Goodreads: A Bad Business
Age Category: Adult
Publication Date: March 29, 2022
This vivid collection of new translations by Nicolas Pasternak Slater and Maya Slater illuminates Dostoevsky’s dazzling versatility as a writer.
His remarkable short fiction swings from wickedly sharp humour to gripping psychological intensity, from cynical social mockery to moments of unexpected tenderness.
The stories in this collection range from impossible fantasy to scorching satire.
A civil servant finds a new passion for his work when he’s swallowed alive by a crocodile.
A struggling writer stumbles on a cemetery where the dead still talk to each other.
An arrogant but well-intentioned gentleman provokes an uproar at an aide’s wedding, and in the marital bed.
A young boy finds unexpected salvation on a cold and desolate Christmas Eve.
It sounds funny to say I’m writing a review for an ARC of a book by Dostoevsky, but this edition features new translations by Nicolas Pasternak and Maya Slater, and it has the added benefit that I don’t believe I’ve read any of these stories in any other translation before.
The collection as a whole was hit-or-miss for me: I only liked 3 out of the 6 stories. There’s also no introduction in the ARC to help contextualize any of the stories or explain why they’re grouped together, and I see no indication there will be one in the final print.
Here are my thoughts on each story:
1. A Bad Business
Things got off to an inauspicious start for me, as I did not particularly enjoy the first story (and these types of collections often feature the “best” or most well-known story as the opening). I believe it’s supposed to be humorous, featuring a general who has high reformation ideals about mingling with the lower classes and “elevating” them while also expressing he believes in everyone’s shared humanity; his ideals don’t play out as he imagines, however, as when he crashes his subordinate’s wedding, he generally makes a mess of things and costs the poor man money he can’t afford. I get the general message, but I don’t think it’s as hard-hitting in modern-day America as I must assume it was in Russia in Dostoevsky’s day. I didn’t laugh, and I didn’t feel as if it really offered me a keen and piercing insight into anything I wanted to ponder more.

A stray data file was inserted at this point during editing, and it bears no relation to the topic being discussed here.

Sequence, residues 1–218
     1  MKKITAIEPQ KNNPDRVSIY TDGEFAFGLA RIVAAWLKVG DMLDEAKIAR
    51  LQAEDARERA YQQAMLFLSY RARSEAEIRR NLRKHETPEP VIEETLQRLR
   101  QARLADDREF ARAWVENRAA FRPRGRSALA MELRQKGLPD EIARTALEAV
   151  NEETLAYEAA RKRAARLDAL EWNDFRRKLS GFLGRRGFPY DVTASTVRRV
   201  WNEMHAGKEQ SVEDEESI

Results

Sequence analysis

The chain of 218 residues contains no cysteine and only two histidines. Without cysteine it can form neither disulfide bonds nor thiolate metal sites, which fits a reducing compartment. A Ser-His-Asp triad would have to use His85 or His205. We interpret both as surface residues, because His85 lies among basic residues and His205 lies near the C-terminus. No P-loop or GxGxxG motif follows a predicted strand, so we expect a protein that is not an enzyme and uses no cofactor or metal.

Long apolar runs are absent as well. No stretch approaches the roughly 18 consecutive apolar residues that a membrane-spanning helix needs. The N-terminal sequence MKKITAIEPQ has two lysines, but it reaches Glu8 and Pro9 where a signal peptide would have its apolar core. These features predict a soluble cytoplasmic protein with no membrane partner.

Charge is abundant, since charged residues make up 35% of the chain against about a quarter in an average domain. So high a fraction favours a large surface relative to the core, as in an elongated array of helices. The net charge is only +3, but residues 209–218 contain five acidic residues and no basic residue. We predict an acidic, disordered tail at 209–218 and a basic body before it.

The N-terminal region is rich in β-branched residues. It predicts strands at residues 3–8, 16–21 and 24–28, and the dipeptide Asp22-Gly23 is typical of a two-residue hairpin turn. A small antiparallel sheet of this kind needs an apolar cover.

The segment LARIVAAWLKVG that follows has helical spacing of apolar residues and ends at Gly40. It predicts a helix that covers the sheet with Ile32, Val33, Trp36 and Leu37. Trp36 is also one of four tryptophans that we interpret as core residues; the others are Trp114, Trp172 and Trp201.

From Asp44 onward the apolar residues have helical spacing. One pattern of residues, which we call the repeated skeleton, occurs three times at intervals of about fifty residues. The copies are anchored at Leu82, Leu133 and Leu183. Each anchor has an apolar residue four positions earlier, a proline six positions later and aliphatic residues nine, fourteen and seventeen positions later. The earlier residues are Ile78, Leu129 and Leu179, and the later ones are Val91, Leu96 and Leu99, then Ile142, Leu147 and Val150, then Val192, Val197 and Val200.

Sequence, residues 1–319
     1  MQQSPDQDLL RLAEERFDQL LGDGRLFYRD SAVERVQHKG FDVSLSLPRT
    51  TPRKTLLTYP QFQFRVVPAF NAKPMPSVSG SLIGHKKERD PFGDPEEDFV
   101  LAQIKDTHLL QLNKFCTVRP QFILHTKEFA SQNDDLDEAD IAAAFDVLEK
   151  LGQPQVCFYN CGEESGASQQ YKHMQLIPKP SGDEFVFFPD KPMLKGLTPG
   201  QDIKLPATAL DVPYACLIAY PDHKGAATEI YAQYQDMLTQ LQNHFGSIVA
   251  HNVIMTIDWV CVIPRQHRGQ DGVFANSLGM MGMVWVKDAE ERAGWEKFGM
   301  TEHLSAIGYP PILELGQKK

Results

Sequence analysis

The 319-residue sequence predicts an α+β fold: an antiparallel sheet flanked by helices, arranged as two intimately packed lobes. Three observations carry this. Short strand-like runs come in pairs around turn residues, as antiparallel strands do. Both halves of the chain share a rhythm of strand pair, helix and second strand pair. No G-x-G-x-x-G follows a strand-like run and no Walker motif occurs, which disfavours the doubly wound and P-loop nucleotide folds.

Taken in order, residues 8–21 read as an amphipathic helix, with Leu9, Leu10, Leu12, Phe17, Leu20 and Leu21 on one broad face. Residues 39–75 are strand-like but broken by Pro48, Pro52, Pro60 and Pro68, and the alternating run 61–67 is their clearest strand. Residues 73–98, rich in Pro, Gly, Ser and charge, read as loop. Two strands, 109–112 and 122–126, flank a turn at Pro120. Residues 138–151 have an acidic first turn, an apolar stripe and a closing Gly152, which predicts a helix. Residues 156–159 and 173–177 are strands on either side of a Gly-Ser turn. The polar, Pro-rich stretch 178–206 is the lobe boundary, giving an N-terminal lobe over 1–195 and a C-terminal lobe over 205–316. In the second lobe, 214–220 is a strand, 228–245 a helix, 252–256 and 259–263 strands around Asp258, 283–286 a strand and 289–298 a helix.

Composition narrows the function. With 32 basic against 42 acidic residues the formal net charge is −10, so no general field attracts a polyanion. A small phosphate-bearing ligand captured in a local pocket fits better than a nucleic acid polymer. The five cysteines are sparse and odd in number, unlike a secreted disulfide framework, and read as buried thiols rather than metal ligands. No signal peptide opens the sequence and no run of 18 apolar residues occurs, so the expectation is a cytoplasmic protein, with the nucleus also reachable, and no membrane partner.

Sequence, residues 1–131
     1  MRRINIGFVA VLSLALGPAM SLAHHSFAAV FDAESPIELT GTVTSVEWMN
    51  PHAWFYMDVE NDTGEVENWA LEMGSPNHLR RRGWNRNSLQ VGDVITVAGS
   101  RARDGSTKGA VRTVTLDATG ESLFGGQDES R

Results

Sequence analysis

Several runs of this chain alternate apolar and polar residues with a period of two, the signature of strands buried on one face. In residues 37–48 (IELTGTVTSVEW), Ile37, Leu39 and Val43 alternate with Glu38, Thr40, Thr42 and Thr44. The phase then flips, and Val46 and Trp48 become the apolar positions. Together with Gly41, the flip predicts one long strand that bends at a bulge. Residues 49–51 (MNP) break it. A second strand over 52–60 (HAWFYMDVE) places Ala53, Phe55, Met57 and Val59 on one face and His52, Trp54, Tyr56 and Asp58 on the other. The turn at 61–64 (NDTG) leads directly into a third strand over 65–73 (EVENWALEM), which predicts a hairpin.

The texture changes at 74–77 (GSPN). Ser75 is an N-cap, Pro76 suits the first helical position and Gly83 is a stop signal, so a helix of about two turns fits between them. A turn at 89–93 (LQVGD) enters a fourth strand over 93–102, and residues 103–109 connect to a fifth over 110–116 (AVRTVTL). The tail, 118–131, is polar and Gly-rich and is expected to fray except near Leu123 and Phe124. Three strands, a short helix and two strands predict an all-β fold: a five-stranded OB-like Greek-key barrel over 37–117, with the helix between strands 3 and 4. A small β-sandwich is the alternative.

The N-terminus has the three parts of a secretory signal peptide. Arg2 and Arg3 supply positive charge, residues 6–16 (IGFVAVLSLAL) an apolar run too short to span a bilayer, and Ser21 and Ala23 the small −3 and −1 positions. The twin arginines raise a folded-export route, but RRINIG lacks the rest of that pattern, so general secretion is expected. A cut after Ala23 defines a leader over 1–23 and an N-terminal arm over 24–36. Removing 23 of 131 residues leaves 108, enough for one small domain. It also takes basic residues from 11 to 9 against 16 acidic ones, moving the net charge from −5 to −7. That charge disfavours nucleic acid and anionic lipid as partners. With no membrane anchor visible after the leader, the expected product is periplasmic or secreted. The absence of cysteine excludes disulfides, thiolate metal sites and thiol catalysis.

2. Conversations in a Graveyard
The second story I found much more entertaining. I was a little wary of the initial paragraphs, as they feature a narrator discussing how awesome he is even though no one appreciates it and then explaining that he felt into pondering the nature of astonishment, and I felt that I was simply in for one of those classic stories that is simply the protagonist sharing their philosophical musings, without much of an actual plot. I was wrong! This story has a bit of the supernatural, features a range of wild and slightly shocking characters in a short pace, and even got me thinking about death and what I would do if I found out I had a little “more time” after death (or what anyone would do, or what they perhaps “should” do). Definitely a winner of a short story.
3. A Meek Creature
The third story is interesting, featuring a narrator who is relating the events of his life after he comes home to find she has killed herself. The reader gets inside his head and can see where he is kind of lying to himself and how he was abusive in ways he didn’t recognize or didn’t want to, but it’s not all black and white, and the ending can make the reader wonder whether things might have been on the verge of improving before the unfortunate suicide.
4. The Crocodile
A story about a guy who is swallowed whole by a crocodile on exhibit in a museum. It’s deliciously absurd because only the narrator acts as one would expect 99% of people to react to this event: with horror and great anxiety to find a way to free the unfortunate man. Everyone else reacts unexpectedly. I enjoyed it.
5. The Heavenly Christmas Tree
Incredibly short and really depressing story about a boy whose mother dies around Christmas and wanders about looking for a bit of Christmas magic. I didn’t really see the point of the story, to be honest. And the length of this story and the final one was off-putting to me; the stories seem like afterthoughts in this collection.
6. The Peasant Marey
This one is also short and unremarkable, the narrator remembering a semi-insignificant event from his childhood that somehow holds significance for him. I found it an anti-climatic conclusion to the collection.